We are the living examples for the children, and thus we have the responsibility to support them into being beings of integrity and self expression as life, I am reminded of a video i recently saw of a boy who lied to his moms face, straight out, of getting into jimmies, even though they were all over the counter and all over his face, she asked several time and each time denied completely even when she said he had them on his face, he still denied it. This is programmed behavior they are copy and imitating from those they are looking to to show them how to live, ect....we can't deny these facts and evidentiary videos and studies, so it's cool we are starting with the new parent series on eqafe and getting into the nitty gritty of how this is operating on multi dimensional levels within the mind so we can understand and thus create the opportunity for change.



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Manuela J
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Re: Giving - is it taught as strategy for reputation?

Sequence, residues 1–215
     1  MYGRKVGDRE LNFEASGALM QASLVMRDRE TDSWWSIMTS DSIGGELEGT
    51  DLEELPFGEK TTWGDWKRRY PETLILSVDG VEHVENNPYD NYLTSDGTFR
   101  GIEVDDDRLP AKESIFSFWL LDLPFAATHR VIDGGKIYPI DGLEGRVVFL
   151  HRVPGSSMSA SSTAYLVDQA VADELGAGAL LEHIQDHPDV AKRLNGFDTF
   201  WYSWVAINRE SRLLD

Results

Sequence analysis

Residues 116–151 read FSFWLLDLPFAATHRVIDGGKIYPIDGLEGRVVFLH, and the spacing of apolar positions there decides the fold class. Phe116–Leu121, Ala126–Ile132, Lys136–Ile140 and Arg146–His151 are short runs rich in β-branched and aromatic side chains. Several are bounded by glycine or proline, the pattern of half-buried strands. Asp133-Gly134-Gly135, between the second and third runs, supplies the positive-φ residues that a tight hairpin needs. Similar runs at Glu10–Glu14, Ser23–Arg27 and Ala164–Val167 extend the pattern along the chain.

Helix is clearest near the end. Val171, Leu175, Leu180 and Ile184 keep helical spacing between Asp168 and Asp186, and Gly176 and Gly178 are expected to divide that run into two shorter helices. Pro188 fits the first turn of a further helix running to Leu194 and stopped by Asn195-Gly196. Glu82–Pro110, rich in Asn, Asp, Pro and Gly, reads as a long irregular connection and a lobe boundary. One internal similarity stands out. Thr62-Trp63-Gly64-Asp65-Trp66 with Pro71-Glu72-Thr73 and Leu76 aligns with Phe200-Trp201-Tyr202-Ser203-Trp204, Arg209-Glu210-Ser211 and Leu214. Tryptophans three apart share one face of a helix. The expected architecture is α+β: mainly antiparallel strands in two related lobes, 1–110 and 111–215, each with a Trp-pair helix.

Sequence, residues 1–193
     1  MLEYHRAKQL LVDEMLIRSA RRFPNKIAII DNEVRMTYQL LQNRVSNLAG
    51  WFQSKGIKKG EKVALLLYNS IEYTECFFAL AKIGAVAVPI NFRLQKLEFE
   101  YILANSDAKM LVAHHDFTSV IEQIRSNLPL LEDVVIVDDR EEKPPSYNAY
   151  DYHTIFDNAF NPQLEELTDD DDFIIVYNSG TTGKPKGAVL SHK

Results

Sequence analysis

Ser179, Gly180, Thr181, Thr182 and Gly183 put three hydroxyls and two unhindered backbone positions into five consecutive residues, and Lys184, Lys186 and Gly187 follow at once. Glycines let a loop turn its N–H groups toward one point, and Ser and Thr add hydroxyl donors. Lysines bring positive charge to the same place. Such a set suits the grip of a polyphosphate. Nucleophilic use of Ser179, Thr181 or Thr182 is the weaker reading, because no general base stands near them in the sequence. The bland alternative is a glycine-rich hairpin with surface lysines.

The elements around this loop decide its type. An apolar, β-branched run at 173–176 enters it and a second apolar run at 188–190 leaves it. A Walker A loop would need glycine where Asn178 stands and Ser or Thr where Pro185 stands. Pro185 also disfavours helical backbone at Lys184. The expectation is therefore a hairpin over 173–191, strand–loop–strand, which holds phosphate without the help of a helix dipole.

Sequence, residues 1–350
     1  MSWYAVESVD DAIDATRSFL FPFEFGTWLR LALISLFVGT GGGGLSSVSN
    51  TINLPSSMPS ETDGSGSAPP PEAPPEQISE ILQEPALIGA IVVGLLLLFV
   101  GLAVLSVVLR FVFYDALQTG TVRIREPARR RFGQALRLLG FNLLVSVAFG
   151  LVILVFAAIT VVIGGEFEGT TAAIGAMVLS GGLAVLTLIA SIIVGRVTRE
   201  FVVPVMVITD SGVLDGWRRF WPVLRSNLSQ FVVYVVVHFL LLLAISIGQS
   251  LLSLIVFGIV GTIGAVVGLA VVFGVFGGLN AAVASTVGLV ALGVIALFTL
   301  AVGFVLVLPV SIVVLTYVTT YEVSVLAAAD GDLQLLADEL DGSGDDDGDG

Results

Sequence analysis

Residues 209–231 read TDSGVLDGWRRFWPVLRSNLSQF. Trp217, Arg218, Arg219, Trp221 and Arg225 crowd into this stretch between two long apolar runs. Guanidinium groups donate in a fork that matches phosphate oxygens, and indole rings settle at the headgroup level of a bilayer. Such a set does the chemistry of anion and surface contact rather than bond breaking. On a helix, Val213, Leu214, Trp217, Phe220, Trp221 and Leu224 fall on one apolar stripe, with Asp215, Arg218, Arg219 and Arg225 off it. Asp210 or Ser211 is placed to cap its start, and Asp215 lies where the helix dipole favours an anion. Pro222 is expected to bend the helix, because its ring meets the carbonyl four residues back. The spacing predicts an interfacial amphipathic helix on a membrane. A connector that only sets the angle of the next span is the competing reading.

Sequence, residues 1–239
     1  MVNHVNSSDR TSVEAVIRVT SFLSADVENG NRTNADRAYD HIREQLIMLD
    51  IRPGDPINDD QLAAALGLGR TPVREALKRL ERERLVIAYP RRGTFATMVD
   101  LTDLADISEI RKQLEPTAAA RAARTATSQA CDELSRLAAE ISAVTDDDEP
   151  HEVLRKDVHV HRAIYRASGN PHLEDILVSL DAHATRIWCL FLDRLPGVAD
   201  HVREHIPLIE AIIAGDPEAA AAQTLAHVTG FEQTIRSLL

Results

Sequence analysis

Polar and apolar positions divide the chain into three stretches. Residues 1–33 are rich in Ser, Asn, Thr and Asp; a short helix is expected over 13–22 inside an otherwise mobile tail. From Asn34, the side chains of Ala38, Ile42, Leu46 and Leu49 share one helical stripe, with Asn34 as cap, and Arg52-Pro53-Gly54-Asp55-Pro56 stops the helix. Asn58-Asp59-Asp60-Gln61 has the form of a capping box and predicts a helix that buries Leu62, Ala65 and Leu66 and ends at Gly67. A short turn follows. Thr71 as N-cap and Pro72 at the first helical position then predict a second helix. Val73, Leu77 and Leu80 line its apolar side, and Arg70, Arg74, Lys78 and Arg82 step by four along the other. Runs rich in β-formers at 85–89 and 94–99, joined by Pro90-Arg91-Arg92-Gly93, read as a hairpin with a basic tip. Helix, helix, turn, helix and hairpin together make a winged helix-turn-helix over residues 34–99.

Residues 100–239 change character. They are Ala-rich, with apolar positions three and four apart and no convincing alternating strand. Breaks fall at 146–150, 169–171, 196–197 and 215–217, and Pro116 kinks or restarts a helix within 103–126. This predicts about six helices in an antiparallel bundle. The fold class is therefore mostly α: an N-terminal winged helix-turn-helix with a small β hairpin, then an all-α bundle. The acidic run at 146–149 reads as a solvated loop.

Postby Manuela J » 12 Feb 2013, 18:01

these are very interesting points posted by everyone here - thanks for sharing.

After reading what you guys wrote I downloaded the paper.

Here I just want to share the "discussion" section of the paper where generally researchers' contextualise their findings and the literature on the topic:

The present results provide evidence that five-year-old children’s generosity is heavily influenced both by the presence of a visible audience and by the transparency of their actions. Although our participants donated allocations generously when the recipient was visible and the allocation options were transparent, children became systematically less generous if one or both of these factors were absent. Overall, actors were consistently more generous when the recipient was visible than when she was occluded from view, suggesting the important role audience cues play in children’s prosocial behavior. However, even when actors could see the recipient, children were systematically less generous when the allocations were presented in opaque containers than when the allocations were presented in transparent containers, that is, when the recipient was unaware of the actor’s allocation options. This suggests that children’s prosocial decisions are indeed motived by extrinsic factors and that the transparency of their actions strongly influences decisions regarding when to act prosocially, even in the presence of an audience.